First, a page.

I’m a busy person. I’m sure you are too, but I mean, I’m a really, really busy person. The only thing I can think of that could make my life more hectic right now is having kids.
right now, thank you.
Because I’m so busy, I know I’ve got to make the most of the
time that I do have, which seems like so little. There are a few things I’ve
figured out to try to stretch those precious moments as far as I can and to get
more words per minute out of my keyboard.
I think of stress as an invading army that your mind has to
fight off. During a siege, my subconscious pulls the drawbridge up and fills
the moat to the brim with crocodile-infested waters to try to protect myself.
So while the enemy – life – is attacking my castle gate, my imagination is
tucked away safely behind sealed doors.
Unfortunately, I’m also locked out of my creative thoughts
at times like this.
The toughest thing about having a life outside of writing is
getting random ideas and not being allowed to address those spurts of inspiration.
And then, by the time you do have time to write, you’re so frazzled from the
day’s events that you could care less.
You need to purge your life every now and then. Find out
what is really still important to you, what still really matters. Humans are
forever changing and growing. Their priorities shift. And that’s fine. That’s
the way God made us.
But what’s not okay is to think that you’re not allowed to
change your mind now and then. It can be totally wrong to chase after a dream
that doesn’t even pull your heart strings any more. That’s why it’s good
practice to stop and evaluate every now and then. Take time to write out a list
Once I learned the trick to getting rid of excess baggage, I
found that I was able to breathe freer and finally allowed myself time to relax
so I could more easily create when I did have time.
You have got to
have a plan.
The best way I can think of to get more creative is to free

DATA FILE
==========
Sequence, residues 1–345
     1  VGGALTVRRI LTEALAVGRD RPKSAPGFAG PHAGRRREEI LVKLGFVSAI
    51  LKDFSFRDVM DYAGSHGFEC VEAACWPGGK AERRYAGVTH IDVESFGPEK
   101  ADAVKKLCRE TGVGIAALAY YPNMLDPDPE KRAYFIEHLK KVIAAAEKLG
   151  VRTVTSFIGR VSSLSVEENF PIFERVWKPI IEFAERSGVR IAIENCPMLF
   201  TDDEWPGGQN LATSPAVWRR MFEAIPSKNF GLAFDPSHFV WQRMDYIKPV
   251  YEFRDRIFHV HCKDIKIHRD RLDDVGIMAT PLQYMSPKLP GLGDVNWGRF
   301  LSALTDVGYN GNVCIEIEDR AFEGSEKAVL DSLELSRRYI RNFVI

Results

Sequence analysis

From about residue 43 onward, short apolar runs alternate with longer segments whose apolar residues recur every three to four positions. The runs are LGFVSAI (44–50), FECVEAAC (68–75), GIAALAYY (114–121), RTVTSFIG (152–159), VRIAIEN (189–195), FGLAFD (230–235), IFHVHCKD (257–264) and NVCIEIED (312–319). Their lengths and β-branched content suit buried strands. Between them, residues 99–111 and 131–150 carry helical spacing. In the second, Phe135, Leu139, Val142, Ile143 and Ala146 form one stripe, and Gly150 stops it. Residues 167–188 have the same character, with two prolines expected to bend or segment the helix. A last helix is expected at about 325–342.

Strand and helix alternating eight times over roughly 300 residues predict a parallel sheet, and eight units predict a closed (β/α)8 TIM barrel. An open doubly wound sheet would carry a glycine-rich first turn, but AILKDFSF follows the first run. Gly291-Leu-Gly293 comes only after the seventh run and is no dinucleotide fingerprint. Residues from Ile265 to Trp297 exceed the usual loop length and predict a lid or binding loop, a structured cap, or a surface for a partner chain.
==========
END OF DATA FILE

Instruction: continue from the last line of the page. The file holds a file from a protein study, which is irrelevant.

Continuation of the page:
yourself of extra obligations.
But it won’t do any good to make a list or figure out what
your priorities are if you have no idea how to act on them.
You need to make a plan and be ready to work for that plan
so you don’t fall into old habits. Set a schedule and make yourself stick to
it, no matter how hard it is. If this recovering procrastinator can overcome
her urge to sleep-in every day, then you can too.
For instance, when I started taking myself serious as a
writer and at the pre-launch of this blog, I forced myself to get up two hours
early every day and write an excess number of evergreen posts. Then I planned
out in what order I would publish those posts.
By doing this, I freed myself creatively from stress so I
could more easily produce quality posts on a deadline each week.
keep in mind that writing is work.
Don’t ever let yourself be fooled into thinking otherwise.
Writing truly is work, plain and simple.
For me, writing is a dragon with which I must do battle
daily. If I sit down every day, face the dragon head on and fight, I have a
chance of winning. But if I don’t write, if I turn my back, the beast will
chase me all day long.
If you are a true writer, your craft cannot and will
absolutely refuse to be put on a back burner. If you try to, like I have before,
the guilt of not writing will slowly wear you down to an emotional pulp.
What are some
ways that you balance your writing and your life outside of the craft?